Use this URL to cite or link to this record in EThOS: https://ethos.bl.uk/OrderDetails.do?uin=uk.bl.ethos.753498
Title: Sustainable social (enterprise) entrepreneurship : an organisational and individual identity perspective
Author: Warden, Katarzyna
ISNI:       0000 0004 7426 5909
Awarding Body: Canterbury Christ Church University
Current Institution: Canterbury Christ Church University
Date of Award: 2017
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Abstract:
Purpose - to investigate the phenomenon of sustainable social (enterprise) entrepreneurship from both organisational and individual/personal identity perspectives. Two research questions ask: (RQ1) what are the key organisational identity (OI) and governance issues associated with sustainable social enterprises (SEs) and social entrepreneurship?, and; (RQ2) who are the social enterprise (SE) leaders/entrepreneurs (and why are they important from an identity perspective)? Design/methodology/approach – A stage 1 interpretative phenomenological analysis (IPA) employed 30 semi-structured interviews of social entrepreneurs in the (UK) South East; a macro-level conceptualisation of social enterprise (organisational) identity, sustainability and governance issues being the key deliverable. This was followed by a stage 2 social constructionist and social entrepreneurial identity study; whereby, 16 in-depth interviews, with 3 case study social enterprise leaders were conducted over a period of three years. Stage 3 involved 2 employee and volunteer focus groups to help triangulate data from the previous stages. Finally, stage 4 follow-up interviews with 4 selected informants helped evaluate the impact of the Brexit vote on my thesis arguments. Various third sector and government policy documents were consulted throughout the study. Findings – Firstly, I argue that understanding who organisations are, as well as, what they do, are important for understanding the sustainability of social enterprises, and the third sector. A new conceptual social enterprise grid (SEG) is developed to distinguish who social enterprises are; relative to other third and public-sector organisations. Secondly, a Ricoeurian narrative analysis helps demonstrate the agentic role of social entrepreneurs; how social enterprise sustainability is motivated by personal beliefs, social values and an idem (i.e. almost permanent) sense of identity. Similarly, results demonstrate how social enterprise sustainability could be at least part-attributed, to the lifetime agentic function of social entrepreneurs. Originality/value – This PhD thesis addresses fundamental definitional and theory gaps in the social enterprise and third sector identity literatures. It contributes by offering fresh perspectives on the complex and inter-related issues of (organisational and socio-entrepreneurial) identity, governance and sustainability.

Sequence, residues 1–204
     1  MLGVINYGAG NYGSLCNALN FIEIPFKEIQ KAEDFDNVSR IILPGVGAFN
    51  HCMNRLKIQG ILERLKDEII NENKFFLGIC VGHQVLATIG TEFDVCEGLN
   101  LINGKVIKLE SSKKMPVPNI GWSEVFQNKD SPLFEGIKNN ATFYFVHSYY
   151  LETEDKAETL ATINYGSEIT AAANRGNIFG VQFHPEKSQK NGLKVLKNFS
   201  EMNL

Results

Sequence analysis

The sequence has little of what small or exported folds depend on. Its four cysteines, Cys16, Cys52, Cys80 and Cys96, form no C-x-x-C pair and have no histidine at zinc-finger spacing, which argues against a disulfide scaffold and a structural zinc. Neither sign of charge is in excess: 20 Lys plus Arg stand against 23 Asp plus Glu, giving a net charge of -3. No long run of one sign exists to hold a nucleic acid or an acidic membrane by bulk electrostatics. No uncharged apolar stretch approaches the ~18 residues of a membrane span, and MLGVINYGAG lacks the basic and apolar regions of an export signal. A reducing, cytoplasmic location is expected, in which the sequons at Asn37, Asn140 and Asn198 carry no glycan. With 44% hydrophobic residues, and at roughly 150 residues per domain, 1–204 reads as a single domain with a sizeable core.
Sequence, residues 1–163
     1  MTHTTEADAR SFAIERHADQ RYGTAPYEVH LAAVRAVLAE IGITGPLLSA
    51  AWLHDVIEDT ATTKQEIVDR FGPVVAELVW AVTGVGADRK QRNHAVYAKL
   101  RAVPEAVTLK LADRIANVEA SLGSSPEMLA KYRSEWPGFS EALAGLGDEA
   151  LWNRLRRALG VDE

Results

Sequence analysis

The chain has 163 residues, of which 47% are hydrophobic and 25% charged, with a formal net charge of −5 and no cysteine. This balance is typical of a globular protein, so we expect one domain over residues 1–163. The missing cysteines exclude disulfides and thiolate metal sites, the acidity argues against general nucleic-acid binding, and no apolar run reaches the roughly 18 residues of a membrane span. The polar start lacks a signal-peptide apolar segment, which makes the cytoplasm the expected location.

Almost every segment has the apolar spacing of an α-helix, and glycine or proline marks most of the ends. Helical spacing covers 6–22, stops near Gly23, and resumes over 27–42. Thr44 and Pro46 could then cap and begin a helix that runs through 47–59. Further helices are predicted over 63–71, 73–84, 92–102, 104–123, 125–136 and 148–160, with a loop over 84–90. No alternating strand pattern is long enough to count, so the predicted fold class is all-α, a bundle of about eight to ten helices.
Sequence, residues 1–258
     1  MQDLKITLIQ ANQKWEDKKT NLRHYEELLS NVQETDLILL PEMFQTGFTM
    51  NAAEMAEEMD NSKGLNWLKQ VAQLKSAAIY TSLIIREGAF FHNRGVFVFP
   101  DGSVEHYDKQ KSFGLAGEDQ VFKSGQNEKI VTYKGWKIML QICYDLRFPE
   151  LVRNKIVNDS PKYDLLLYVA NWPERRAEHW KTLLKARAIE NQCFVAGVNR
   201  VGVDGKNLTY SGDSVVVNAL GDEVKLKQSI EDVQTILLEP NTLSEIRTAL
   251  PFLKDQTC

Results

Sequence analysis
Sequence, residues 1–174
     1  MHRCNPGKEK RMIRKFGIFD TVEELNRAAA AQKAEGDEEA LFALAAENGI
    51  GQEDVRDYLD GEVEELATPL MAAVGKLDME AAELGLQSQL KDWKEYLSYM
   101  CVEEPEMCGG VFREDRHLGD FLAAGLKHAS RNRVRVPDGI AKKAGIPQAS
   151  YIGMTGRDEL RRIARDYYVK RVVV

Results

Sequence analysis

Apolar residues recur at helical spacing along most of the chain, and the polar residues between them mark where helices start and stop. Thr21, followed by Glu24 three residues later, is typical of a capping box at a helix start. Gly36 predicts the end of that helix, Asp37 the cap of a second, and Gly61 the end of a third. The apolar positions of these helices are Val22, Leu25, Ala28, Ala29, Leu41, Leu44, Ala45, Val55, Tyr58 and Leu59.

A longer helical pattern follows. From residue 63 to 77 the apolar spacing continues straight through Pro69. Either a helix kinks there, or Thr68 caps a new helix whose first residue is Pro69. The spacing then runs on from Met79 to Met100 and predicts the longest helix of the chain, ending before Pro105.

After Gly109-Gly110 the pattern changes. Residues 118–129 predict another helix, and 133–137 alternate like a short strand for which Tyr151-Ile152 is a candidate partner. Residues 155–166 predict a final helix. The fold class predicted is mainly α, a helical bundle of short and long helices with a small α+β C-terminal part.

Supervisor: Not available Sponsor: Not available
Qualification Name: Thesis (Ph.D.) Qualification Level: Doctoral
EThOS ID: uk.bl.ethos.753498  DOI: Not available
Keywords: H Social Sciences ; HF5001 Business
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